Never Apologize, Never Explain
Once upon a time, there was a guy named Vince Foster. Vince Foster was a childhood friend of Bill Clinton, and when Bill Clinton became President Clinton, Vince Foster became part of Clinton’s team of advisors.
Vince Foster and his friends Bill and Hillary were attacked, constantly, by the Washington media elite, which then as now took its cues from the Republican opinion tastemakers who’d been in charge since the Reagan era. The attacks hit Foster particularly hard, and he wound up killing himself over them — and leaving a note attacking his media tormentors, particularly those who made up the Wall Street Journal’s rabidly conservative editorial staff, who, as he said, “lie without consequence“.
Did this cause his right-wing attackers to suffer any pangs of conscience? Of course not. They simply started accusing the Clintons — his best friends — of having him murdered. Never apologize, never explain.
Fast-forward to 2001. Jenna and Barbara Bush, the young daughters of the White House’s newest occupant, were busted for underage drinking at Chuy’s in Austin. The response of the “now the grownups are in charge” conservatives was to try to destroy the people who busted them. Never apologize, never explain.
Six years later — an attack, a war of imperial choice that turned out disastrously, and the beginnings of a popular revolt against the conservative Imperium. The Cons are twitchy; many of the saner ones have left the movement, and the remaining ones, without anyone to rein them in, become a bit more unhinged as the evidence keeps mounting that they simply cannot will objective reality to go away. But that doesn’t mean that they won’t stop trying. Their target: An Iraqi police captain named Jamil Hussein, who dared say some things they didn’t like. They tried to claim he didn’t really exist, and forced him to go public — and immediately become a target for Iraqi insurgents. Did the righties attacking ever say they were sorry for ruining his life? Of course not: Never apologize, never explain.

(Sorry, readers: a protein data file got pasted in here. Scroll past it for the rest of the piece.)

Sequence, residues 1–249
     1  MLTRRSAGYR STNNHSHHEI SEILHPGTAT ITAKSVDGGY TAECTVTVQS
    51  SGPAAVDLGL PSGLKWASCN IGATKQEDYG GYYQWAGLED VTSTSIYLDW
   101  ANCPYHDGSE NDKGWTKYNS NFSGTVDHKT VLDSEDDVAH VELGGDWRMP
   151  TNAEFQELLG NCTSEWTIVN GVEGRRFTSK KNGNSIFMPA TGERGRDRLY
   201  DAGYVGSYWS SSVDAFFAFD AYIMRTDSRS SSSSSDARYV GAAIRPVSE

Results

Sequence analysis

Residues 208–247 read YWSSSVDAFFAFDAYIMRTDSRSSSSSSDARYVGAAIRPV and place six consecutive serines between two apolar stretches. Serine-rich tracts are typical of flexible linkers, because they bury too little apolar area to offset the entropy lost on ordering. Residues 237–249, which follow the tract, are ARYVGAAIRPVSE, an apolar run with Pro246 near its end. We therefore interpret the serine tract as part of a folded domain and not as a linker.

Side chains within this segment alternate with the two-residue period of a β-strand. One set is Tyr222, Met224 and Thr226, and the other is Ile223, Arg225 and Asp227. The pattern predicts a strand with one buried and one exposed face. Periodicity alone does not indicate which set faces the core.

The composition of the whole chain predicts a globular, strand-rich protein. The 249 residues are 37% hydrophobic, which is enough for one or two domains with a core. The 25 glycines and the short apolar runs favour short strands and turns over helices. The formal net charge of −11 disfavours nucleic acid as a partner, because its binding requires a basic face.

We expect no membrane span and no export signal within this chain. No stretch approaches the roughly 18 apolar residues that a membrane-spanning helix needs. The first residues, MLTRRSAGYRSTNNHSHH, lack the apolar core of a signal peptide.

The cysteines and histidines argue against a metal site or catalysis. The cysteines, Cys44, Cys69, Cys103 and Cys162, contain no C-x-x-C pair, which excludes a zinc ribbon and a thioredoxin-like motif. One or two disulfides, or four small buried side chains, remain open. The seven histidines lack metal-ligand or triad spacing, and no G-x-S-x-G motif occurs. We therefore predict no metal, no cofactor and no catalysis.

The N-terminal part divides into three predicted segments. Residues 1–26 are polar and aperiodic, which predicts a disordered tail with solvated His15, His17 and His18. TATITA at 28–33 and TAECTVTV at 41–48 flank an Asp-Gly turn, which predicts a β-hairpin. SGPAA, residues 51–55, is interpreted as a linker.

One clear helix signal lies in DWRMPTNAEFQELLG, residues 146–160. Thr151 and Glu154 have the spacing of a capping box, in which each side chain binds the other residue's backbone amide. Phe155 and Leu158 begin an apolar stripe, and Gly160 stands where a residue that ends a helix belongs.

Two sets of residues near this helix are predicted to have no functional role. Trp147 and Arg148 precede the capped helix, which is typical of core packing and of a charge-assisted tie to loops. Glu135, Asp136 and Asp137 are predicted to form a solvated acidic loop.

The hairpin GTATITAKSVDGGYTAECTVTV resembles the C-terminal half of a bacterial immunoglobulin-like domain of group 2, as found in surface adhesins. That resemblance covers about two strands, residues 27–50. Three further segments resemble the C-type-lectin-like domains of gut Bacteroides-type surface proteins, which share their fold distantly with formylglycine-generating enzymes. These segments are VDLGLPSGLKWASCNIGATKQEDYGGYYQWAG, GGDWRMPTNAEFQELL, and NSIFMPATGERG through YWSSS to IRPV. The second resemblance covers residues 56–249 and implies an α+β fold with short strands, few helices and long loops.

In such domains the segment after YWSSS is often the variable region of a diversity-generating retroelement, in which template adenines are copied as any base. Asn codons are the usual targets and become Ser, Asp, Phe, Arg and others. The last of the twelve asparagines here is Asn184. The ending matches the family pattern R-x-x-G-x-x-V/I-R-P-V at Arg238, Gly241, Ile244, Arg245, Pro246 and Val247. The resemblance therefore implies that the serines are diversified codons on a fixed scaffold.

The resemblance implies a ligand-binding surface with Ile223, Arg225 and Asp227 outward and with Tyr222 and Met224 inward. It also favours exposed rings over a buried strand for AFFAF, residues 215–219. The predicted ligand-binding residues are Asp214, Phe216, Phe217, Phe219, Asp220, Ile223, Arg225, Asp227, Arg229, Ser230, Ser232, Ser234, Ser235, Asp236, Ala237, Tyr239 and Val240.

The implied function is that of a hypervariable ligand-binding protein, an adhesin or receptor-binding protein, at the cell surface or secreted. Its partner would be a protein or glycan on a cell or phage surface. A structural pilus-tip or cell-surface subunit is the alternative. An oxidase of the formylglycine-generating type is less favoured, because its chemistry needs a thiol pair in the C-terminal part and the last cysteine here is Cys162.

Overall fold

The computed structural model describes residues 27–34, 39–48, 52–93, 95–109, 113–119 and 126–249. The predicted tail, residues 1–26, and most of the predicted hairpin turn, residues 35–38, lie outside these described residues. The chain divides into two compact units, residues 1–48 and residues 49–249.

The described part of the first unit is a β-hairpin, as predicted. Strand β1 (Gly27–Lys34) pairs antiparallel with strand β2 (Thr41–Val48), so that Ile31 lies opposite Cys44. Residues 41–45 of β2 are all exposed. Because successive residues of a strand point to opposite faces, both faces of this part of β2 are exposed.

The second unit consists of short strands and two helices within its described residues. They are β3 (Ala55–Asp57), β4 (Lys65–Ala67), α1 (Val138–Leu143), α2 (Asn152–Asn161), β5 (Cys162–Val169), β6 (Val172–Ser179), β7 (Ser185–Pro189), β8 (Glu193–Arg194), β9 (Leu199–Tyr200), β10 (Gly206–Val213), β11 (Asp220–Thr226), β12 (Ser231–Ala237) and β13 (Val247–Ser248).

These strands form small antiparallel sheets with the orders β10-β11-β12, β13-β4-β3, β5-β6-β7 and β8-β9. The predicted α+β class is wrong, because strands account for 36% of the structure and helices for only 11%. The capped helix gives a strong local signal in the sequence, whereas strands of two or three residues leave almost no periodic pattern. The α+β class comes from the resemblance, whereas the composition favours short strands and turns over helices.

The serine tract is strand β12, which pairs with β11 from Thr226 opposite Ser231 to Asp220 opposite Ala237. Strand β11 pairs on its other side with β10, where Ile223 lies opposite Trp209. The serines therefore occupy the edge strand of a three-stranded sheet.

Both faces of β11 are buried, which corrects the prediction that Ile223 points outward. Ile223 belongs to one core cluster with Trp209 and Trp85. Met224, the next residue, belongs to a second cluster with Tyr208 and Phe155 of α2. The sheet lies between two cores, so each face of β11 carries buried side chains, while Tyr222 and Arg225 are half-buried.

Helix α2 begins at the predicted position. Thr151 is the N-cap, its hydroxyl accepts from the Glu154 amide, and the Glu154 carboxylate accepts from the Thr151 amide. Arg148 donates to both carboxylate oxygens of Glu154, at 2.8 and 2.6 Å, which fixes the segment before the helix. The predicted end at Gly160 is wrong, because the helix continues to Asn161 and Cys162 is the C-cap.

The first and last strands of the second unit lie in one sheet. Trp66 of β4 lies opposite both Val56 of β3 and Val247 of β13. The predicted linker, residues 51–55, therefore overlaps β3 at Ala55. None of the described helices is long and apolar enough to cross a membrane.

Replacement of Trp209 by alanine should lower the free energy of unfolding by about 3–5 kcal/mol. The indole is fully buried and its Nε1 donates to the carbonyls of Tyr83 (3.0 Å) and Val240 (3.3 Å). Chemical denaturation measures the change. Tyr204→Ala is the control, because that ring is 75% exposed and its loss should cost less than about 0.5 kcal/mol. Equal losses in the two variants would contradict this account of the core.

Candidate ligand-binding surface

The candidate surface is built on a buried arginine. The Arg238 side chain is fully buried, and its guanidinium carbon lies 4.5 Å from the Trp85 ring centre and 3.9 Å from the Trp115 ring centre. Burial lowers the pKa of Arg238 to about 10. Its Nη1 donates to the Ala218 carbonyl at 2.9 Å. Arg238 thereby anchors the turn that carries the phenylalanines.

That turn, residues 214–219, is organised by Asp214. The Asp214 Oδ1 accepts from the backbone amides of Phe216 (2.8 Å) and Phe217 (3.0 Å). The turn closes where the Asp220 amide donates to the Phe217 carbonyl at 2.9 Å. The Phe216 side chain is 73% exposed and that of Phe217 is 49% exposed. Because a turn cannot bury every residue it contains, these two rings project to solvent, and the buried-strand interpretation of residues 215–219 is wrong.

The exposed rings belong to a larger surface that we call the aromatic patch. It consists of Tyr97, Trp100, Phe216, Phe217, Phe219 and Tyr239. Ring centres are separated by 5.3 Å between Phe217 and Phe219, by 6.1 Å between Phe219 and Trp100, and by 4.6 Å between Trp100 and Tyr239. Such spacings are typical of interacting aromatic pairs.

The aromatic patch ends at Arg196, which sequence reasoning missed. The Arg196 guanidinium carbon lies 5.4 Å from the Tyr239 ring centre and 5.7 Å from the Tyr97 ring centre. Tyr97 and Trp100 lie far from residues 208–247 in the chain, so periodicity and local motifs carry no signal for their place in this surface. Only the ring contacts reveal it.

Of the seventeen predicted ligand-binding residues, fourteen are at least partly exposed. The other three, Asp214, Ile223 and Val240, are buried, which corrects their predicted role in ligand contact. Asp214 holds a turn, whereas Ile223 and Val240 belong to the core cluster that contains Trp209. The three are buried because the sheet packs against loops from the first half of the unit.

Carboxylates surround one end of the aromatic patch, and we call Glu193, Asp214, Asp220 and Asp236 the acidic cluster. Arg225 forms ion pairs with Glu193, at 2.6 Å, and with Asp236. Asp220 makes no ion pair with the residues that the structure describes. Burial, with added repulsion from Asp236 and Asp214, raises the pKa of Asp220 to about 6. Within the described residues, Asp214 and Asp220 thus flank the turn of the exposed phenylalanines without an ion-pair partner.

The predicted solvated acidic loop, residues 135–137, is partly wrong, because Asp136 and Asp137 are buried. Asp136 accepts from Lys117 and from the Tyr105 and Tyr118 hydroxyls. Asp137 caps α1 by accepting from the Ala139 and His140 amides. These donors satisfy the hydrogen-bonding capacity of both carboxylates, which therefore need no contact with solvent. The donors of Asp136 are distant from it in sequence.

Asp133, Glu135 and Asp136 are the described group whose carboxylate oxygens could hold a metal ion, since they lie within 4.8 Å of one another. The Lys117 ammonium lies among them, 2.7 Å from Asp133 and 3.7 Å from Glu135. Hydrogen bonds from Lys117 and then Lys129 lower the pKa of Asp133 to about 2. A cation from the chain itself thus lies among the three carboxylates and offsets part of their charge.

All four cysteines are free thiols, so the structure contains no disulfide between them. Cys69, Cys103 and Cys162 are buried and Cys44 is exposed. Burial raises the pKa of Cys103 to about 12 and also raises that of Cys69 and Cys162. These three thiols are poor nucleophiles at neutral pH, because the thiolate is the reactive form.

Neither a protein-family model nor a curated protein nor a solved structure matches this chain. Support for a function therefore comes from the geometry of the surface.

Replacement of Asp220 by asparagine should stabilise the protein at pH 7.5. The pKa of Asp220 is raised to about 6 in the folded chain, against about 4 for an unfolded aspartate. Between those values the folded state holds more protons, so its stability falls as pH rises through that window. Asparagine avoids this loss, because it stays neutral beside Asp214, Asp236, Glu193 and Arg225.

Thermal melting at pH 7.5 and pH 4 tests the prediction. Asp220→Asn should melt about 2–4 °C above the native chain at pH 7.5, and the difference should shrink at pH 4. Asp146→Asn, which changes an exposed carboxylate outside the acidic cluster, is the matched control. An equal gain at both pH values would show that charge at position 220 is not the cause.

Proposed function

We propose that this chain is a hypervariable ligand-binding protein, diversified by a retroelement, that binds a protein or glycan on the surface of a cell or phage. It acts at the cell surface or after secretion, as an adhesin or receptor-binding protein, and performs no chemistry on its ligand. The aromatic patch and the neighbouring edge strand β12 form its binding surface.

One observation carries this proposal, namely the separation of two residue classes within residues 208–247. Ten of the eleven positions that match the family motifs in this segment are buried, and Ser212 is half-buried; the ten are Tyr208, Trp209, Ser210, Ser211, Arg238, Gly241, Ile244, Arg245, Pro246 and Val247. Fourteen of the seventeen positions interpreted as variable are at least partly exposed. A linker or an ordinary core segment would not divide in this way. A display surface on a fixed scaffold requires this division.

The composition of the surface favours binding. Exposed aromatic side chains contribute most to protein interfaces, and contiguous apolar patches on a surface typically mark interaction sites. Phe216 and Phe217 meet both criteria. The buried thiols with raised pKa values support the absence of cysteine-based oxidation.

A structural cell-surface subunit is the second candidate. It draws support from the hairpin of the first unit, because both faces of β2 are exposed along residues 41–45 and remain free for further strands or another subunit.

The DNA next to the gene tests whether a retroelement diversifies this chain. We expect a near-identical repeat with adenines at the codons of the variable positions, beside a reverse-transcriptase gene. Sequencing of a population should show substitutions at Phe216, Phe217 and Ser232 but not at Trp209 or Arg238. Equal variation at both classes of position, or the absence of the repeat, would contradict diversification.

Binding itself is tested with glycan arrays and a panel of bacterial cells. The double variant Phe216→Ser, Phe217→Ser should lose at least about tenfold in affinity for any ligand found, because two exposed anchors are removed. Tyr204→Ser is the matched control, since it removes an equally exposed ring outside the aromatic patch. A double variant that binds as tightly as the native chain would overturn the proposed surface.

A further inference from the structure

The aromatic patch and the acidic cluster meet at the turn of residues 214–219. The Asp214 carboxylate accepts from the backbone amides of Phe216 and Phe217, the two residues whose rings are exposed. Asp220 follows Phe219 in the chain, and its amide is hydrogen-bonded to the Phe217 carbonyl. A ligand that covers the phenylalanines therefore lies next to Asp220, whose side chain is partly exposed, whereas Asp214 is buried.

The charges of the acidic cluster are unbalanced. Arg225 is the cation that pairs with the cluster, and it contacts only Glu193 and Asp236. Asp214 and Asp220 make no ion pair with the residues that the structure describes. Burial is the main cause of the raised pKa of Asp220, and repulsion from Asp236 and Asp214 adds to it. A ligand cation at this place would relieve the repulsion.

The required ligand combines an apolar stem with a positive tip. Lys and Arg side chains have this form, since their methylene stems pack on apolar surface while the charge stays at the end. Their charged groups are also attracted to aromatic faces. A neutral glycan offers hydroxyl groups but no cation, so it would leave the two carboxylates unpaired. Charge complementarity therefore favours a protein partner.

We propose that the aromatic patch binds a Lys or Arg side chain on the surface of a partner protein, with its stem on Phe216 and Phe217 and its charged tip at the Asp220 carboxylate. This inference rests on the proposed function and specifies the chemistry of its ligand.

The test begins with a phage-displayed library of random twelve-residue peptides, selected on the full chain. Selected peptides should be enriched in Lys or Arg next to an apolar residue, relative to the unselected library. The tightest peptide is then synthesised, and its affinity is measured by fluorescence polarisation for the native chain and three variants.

This summer’s Jamil Hussein is Private Scott Thomas Beauchamp, who incurred the wrath of the righties by daring, as Jamil Hussein did, to say things that the righties didn’t like. Beauchamp did so under the alias “Scott Thomas” in an article for The New Republic. As with Jamil Hussein, the righties at first claimed he didn’t exist, and even got the Washington Post to uncritically spread and legitimize their claims (with, as it turned out, bogus backing from a porn actor and prostitute named Matt Sanchez, who was also in the Marines’ Individual Ready Reserve and who is currently facing fraud charges); when it was shown that he did, they set out to destroy him.
Never apologize, never explain.